World War II Honor Roll

James A. Wharton

Private First Class, U.S. Army

Service # 6719178

Company F
398th Infantry Regiment, 
100th Infantry Division

Entered the Service from: New Jersey
Died: 6-Apr-45
Buried at: Plot C Row 16 Grave 71
Lorraine American Cemetery
St. Avold, France 
Awards: Silver Star, Purple Heart

PRIVATE FIRST CLASS JAMES A. WHARTON was born in Pennsylvania on June 1, 1916 to Joseph Richard and Mellie B. Wharton. His father worked as a steamfitter at the Hog Island shipyard during World War I. His early years were spent at 2628 Chadwick Street in Philadelphia.  The family moved to Ivins Avenue in Delaware Township (present-day Cherry Hill) NJ in the late 1920s and were there through at least the spring of 1930, and later moved to Maple Shade NJ. He had an older sister, Emma, and a twin brother, Thomas P. Wharton.

James A. Wharton joined the Army at an early age. A career soldier, he re-enlisted on June 15, 1938 for what was supposed to be a three-year term. At that point he listed his hometown as being somewhere in Burlington County, his family apparently had already moved to Maple Shade. He was then serving with Company F, 18th Infantry Regiment at Staten Island NY. 

In June of 1939, while on leave, Private Wharton was a passenger in a car involved in a fatal automobile accident, in which Camden crime figure Robert Bumbrey was killed.

Private Wharton was later transferred to the 398th Infantry Regiment, 100th Infantry Division.  

Private First Class James A. Wharton was killed in action on April 6, 1945. He was posthumously awarded the Silver Star for actions at Jagstfeld, Germany when his unit crossed the Neckar River during the e0ght-day battle to take Heilbronn, Germany.

His brother Thomas P. Wharton lived in Maple Shade until his passing in December of 1988s.

New Jersey Mirror - January 4, 1939

Camden Man Killed

Robert Bumbrey, 57, colored, of 735 Walnut Street, Camden, a pedestrian, was killed at 4:40 on Friday morning when he was struck on the sidewalk at Eighth street and Kaighn Avenue, Camden, by an automobile that was hurled onto the walk by a collision with another car. Bumbrey died in West Jersey Homeopathic Hospital from internal injuries and a compound fracture of the leg.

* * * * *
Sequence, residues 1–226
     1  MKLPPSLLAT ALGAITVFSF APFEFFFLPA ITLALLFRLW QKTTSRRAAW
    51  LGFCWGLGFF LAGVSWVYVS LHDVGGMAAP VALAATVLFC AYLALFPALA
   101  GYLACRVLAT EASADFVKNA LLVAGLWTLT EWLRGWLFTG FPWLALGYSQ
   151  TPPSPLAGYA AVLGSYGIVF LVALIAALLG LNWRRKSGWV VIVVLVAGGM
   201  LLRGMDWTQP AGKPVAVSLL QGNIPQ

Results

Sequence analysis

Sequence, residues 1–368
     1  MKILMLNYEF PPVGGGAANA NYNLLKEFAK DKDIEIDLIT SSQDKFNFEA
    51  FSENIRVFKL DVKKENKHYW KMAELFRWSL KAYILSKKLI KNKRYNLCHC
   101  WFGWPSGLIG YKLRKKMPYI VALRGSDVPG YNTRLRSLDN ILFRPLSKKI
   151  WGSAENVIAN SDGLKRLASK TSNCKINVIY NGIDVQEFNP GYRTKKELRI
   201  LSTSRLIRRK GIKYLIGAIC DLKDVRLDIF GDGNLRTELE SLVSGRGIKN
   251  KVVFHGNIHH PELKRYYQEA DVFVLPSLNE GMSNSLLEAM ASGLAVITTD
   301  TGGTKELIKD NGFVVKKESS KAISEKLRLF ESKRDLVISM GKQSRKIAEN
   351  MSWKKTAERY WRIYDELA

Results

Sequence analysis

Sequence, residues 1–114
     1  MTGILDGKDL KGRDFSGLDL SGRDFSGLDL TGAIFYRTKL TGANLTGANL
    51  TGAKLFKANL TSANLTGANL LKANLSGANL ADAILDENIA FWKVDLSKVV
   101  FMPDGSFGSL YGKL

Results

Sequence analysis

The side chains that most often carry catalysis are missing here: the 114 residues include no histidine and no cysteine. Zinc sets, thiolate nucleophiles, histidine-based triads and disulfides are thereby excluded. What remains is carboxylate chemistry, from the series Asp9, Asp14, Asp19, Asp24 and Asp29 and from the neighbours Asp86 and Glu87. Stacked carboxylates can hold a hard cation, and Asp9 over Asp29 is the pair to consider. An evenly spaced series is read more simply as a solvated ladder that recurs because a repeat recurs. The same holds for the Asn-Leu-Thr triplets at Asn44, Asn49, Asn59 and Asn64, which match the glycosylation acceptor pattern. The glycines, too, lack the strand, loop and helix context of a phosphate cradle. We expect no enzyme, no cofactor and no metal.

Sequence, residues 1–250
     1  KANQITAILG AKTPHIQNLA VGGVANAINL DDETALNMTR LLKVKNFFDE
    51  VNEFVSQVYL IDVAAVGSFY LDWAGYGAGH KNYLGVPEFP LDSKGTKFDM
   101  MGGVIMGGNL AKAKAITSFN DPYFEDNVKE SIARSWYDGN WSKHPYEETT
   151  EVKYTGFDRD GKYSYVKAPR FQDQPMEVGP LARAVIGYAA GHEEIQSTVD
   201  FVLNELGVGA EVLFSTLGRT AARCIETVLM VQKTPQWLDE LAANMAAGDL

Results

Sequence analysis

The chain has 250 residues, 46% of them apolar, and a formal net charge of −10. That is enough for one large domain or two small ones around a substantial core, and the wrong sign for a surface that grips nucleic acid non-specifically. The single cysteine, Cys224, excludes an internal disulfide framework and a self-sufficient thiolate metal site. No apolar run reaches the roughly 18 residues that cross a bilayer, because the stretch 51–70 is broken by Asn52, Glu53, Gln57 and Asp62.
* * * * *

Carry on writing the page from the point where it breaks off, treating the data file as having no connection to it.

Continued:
Drivers of the cars in the collision were Augustus Fisher, 25, of 1839 South Eighth street, Camden, and Ralph H. Deubel, 31, of 115 South Poplar avenue, Maple Shade. It was Fisher's car that killed Bumbrey.

Richard H. Watson, 50, of 26 South Spruce Street, Maple Shade, a passenger in Deubel's machine, suffered a head injury which was treated at West Jersey Hospital. Two other passengers, James A. Wharton, 22, of Company F, 18th Infantry, U.S.A., Staten Island, and Harry C. Bechler, 30, of 16 West Main Street, Maple Shade, were arrested by Policeman Fred Mueller, as the result of an altercation as he was taking them to the police accident bureau in a patrol wagon. 

Policeman Mueller charged Wharton with assault and battery on an officer and Bechler was held as a material witness. Bechler's wife, who was also in Deubel's car, reported the loss of a wrist watch valued at $15. Fisher and Deubel were held in $1,000 bail each on charges of death by automobile.